What Is Truth?

The Oxford dictionary defines truth as something that is ‘in accordance with fact or reality’, a definition that is ambiguous about whether there is an absolute truth or if there are multiple truths.

The question of what truth is, and whether we should try to reach it at all costs, is far from new. But with fake news creeping up everywhere, the quest for what is true or not is more important than ever. What is absolute ‘truth’ has been debated for centuries by many philosophers. There is, for example, the Leibniz principle of sufficient reason. According to Leibniz nothing ever happens without a cause or reason, which in turn explains why it exists and why it is so rather than any other way. Leibniz suggests that humans should be satisfied with knowing that everything is connected rather than seeking an absolute, more abstract, truth. Meaning that if something exists, it ‘is’ and therefore must be true.

On the other hand, Descartes proposed to eradicate doubt first to pursue absolute truth. Descartes undertook to doubt everything with the aim to reach an unshakeable foundation, i.e 'The Truth', from which we can deduct everything else. So, first doubt, then - after all doubts have been removed - you are left with what is true, like peeling an onion. But real truth is of course also based on the absence of telling lies and by not confusing beliefs with truth. There are people, for example, who (still) believe the earth is flat and are very vocal about this, but this belief is not to be presented as truth as it is factually incorrect.

Today the concept of a unique truth is more questioned than ever, especially with many people claiming ‘their own truths’ or presenting us with ‘alternative facts’. But mistaking one’s own personal beliefs as ‘truth’ is creating chaos in the truth department and begs the question if society can accept one truth, one set of facts about the world around us? After all, nobody faces a fact or a reality alone, hence facts and reality must be accepted as true by many to be true. Would this mean that the consensus view is automatically the truth? The consensus view in society is as close to truth as we can get, especially if this is based on proven facts (how things happened) and when scientific, that these findings are unbiased and peer reviewed. But the consensus view does not have to be set in stone as it moves with time and with new, better, knowledge of the world around us.

The 20th century philosopher Lacan wrote that ‘the object is in the gaze’, meaning that if facts have an objective reality and exist independently of us, the understanding of these facts is personal. What we consider truth would then depend on personal experience and beliefs. Facts matter, but our interpretation of the facts matters too, and for democracies to thrive (and to avoid anarchy), we need to have, if not a universal truth, truths that can coexist. Much like religious co-existence, where the various beliefs definitely have different ‘truths’.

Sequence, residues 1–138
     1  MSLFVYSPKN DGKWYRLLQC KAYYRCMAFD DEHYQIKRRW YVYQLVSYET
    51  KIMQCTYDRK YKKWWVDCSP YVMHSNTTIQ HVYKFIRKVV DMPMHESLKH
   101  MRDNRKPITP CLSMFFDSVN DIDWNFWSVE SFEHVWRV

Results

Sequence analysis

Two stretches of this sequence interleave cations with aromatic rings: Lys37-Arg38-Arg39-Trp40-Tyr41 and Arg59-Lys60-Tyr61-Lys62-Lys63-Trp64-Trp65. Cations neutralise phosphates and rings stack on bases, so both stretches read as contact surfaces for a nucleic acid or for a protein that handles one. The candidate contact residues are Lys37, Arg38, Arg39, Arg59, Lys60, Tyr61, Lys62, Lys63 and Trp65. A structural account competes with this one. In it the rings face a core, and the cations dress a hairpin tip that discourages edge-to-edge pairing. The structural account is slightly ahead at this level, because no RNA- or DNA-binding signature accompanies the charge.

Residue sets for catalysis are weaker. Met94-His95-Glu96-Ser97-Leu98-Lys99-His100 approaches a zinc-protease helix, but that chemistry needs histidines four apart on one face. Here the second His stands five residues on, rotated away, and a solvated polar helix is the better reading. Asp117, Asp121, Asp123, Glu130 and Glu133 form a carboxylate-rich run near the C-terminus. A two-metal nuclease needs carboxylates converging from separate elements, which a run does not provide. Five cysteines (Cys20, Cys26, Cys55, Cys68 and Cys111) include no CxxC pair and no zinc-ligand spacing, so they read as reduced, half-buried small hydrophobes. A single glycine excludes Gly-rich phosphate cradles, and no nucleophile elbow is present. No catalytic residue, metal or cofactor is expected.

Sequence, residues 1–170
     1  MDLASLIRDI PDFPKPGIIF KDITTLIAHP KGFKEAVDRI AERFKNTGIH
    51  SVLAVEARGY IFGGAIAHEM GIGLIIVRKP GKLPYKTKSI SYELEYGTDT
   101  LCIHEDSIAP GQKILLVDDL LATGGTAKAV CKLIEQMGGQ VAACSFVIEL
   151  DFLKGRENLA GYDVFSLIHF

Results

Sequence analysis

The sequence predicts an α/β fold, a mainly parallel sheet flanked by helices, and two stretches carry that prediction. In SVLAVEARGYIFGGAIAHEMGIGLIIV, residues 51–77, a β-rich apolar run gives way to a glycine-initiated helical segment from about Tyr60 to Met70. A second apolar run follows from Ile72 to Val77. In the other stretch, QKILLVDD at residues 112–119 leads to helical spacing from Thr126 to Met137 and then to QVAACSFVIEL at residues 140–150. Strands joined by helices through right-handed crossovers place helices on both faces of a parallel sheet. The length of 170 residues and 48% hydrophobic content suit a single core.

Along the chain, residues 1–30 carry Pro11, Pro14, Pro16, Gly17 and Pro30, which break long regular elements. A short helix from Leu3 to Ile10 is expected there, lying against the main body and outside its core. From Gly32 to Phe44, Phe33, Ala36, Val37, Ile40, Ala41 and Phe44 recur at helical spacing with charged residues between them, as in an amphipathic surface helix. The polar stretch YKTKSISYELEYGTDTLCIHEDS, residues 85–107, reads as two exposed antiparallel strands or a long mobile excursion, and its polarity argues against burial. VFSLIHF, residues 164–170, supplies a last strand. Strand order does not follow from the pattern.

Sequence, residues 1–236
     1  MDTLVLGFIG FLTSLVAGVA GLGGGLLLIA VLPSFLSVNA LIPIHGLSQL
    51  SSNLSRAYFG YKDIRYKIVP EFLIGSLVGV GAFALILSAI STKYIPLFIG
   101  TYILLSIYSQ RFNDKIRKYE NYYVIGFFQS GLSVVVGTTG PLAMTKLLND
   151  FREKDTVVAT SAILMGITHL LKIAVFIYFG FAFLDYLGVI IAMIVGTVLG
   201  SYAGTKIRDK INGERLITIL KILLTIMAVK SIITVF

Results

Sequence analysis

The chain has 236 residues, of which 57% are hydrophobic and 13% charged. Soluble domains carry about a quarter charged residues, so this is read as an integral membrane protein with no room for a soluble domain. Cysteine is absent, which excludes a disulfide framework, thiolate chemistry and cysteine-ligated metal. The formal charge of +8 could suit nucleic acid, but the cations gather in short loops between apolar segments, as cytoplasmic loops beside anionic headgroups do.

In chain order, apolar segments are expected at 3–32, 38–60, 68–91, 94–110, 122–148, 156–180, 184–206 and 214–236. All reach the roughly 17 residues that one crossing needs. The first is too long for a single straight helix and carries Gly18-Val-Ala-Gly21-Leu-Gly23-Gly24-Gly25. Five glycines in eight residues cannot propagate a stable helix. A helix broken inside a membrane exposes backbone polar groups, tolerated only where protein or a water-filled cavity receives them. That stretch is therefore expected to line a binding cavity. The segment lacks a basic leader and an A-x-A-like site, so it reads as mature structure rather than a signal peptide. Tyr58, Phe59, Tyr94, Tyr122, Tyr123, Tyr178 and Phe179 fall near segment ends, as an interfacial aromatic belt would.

Fake news and deception are not new either, but social media has vastly increased its reach. A specific problem with truth, or co-existing truths, today is that we tend to consume information that aligns with our beliefs and/or political affiliation and the social media algo-rhythms will send more and more of what we ‘believe’ our way. This has led to different parts of the population refusing the ‘truth’ advocated by groups who do not agree with them.

However, this doesn’t mean that there is no universal truth, as this is where the difference between fact and opinion lies. Even if we believe different things or have different opinions, in order to learn, to move forward and to co-exist, the facts must be accepted by all participants in the conversation, be it at a personal or a national level. But then again, if someone believes the earth is flat and will not accept that this can’t be true, there is little left to discuss. Back to square one? Not so fast, maybe if we all followed Descartes’ train of thought and cast doubt, aka not immediately believe, what we are told and apply critical thinking and fact check our sources, a universal fact-based truth could possibly prevail.

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